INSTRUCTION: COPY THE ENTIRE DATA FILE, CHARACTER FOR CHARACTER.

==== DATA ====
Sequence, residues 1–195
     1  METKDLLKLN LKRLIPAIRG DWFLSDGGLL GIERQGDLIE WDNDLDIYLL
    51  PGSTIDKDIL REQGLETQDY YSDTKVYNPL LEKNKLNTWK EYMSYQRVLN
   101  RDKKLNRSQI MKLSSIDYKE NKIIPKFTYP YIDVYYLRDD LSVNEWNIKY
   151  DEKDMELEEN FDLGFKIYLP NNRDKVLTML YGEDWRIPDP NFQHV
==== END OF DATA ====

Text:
Sequence, residues 1–195
     1  METKDLLKLN LKRLIPAIRG DWFLSDGGLL GIERQGDLIE WDNDLDIYLL
    51  PGSTIDKDIL REQGLETQDY YSDTKVYNPL LEKNKLNTWK EYMSYQRVLN
   101  RDKKLNRSQI MKLSSIDYKE NKIIPKFTYP YIDVYYLRDD LSVNEWNIKY
   151  DEKDMELEEN FDLGFKIYLP NNRDKVLTML YGEDWRIPDP NFQHV